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Predawn Picket Lines Help Writers Disrupt Studio Productions

The writers have disrupted other events as well. Netflix canceled a major in-person presentation for advertisers in New York amid concerns about demonstrations. The streaming company also canceled an appearance by Ted Sarandos, one of its co-chief executives, who was to be honored at the prestigious PEN America Literary Gala. A Boston University commencement address by David Zaslav, the chief executive of Warner Bros. Discovery, was interrupted by boos and chants of “Pay your writers!” from demonstrators and students.

While the makeshift picket lines have disrupted individual productions, it’s not clear that they’ve had much effect on the strike itself. Negotiations haven’t resumed since they broke down on May 1, and the industry is bracing for the possibility that the strike could last for months.

The writers contend that their wages have stagnated even though the major Hollywood studios have invested billions of dollars in recent years to build out their streaming services. The guild has described the dispute in stark terms, saying the “survival of writing as a profession is at stake.”

But production shutdowns are affecting not only the studios. Crews and other workers — like drivers, set designers, caterers — lose paychecks. And if the shutdowns accumulate and more people are unable to work, some wonder whether the writers will begin to erode the current good will from other workers.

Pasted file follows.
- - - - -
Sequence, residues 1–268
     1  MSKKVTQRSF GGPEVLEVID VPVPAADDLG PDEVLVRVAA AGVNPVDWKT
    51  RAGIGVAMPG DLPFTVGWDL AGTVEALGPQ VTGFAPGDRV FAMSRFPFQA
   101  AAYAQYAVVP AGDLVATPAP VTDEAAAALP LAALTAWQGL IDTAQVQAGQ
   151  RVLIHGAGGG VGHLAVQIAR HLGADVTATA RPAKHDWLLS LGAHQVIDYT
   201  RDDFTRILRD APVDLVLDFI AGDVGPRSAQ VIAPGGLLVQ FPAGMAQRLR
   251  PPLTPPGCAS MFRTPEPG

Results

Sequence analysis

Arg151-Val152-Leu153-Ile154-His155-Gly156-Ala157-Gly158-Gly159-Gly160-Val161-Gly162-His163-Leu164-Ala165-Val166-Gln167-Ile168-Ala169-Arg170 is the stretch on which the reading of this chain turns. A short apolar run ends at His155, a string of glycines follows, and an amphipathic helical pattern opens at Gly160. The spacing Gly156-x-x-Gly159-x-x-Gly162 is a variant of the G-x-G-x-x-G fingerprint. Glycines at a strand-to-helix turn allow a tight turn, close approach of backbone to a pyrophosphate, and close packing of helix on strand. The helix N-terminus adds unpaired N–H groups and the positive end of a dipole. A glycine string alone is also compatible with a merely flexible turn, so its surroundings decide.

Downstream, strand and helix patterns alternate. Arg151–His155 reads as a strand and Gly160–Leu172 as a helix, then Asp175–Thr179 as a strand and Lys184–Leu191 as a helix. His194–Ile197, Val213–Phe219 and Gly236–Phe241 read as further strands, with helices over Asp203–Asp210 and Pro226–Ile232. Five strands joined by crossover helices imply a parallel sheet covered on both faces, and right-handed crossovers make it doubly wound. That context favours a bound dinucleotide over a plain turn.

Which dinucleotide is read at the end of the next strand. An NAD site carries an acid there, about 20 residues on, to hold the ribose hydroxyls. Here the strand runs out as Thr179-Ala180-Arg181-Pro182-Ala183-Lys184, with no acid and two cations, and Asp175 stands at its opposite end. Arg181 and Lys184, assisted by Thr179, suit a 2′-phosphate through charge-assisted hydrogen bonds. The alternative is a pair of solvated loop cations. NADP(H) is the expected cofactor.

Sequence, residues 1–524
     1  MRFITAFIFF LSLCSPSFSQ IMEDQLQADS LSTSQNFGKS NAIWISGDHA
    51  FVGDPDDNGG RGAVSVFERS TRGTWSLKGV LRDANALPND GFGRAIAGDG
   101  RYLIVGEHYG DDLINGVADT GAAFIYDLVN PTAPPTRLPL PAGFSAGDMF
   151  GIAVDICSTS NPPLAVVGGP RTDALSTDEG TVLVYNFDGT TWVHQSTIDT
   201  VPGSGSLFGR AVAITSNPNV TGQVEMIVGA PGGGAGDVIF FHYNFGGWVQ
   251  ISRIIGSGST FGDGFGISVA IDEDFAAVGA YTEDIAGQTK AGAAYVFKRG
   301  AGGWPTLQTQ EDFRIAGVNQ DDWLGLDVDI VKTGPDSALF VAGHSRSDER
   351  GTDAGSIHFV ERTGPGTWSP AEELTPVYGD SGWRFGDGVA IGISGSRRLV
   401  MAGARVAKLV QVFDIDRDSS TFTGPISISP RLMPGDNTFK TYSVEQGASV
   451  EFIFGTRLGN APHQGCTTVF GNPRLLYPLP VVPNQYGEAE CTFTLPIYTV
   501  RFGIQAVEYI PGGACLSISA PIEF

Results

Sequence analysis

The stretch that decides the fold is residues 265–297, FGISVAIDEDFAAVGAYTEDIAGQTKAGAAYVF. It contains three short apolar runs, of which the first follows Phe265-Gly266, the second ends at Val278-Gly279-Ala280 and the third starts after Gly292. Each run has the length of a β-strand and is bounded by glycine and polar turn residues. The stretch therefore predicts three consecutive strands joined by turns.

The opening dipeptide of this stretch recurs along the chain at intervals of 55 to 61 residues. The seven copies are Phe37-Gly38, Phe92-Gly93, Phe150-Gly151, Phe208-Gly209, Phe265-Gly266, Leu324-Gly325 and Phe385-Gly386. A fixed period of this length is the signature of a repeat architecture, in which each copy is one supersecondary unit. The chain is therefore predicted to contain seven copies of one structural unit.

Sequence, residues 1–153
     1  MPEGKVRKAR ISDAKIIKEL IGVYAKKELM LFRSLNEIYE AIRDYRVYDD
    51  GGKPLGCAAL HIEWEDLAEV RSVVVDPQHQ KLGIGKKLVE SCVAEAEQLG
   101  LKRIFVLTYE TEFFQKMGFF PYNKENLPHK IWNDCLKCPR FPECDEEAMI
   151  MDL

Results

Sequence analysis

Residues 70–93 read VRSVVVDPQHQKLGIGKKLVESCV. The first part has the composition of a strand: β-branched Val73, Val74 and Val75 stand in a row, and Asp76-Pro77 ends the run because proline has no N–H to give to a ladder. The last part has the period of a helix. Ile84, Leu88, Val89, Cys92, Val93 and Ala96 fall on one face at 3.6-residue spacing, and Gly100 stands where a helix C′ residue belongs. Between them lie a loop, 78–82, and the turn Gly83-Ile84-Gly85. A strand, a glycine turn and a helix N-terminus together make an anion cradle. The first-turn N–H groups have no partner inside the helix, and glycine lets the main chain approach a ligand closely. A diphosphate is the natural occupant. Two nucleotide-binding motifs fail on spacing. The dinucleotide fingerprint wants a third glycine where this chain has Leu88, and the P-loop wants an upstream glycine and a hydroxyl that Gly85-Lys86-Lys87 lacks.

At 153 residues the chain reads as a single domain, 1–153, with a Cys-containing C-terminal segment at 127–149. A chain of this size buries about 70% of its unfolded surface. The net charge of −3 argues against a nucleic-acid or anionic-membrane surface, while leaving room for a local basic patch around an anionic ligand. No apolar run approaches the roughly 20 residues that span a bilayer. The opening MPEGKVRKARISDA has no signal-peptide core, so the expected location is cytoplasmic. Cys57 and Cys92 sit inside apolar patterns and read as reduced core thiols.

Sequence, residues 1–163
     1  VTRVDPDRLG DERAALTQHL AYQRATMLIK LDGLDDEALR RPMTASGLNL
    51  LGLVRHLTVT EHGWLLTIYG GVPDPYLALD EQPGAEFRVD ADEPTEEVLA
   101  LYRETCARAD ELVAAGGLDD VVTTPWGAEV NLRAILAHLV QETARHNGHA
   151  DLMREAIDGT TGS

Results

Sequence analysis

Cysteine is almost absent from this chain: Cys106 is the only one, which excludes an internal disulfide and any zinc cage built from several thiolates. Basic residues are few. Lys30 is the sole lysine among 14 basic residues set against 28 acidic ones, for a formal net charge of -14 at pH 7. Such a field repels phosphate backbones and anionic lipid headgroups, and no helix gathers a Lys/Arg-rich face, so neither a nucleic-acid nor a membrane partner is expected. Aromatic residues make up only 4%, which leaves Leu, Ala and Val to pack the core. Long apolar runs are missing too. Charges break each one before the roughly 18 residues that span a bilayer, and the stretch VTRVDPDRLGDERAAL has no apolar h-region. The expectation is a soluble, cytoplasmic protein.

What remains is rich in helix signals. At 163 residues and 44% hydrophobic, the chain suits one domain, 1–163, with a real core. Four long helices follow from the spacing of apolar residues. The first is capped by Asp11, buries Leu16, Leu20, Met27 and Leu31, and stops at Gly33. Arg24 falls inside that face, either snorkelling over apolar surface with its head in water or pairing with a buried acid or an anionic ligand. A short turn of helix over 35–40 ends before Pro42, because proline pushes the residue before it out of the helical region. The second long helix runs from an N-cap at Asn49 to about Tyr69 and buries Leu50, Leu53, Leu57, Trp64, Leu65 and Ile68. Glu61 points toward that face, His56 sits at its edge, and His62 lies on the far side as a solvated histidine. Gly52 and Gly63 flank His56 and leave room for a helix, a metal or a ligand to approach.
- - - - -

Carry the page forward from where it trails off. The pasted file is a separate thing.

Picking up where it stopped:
Lindsay Dougherty is the lead organizer of Local 399, the Teamsters’ Los Angeles division, which represents more than 6,000 movie workers, from the truck drivers the writers are trying to turn away to casting directors, location managers and animal trainers. A second-generation Teamster, Ms. Dougherty is one of the union’s few female leaders. Her copious tattoos, including one of the former Teamster leader Jimmy Hoffa, and her frequently profane speech have made her a bit of a celebrity to the writers during the strike.

And she said the solidarity with the writers remained strong.

“I think collectively, we’re all on the same page in that streaming has dramatically changed the industry,” Ms. Dougherty said in an interview. “And these tech companies that we’re bargaining with, during the last writers’ strike — Amazon, Apple, Netflix — they weren’t even part of the conversation.”

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Mohammad SHiblu

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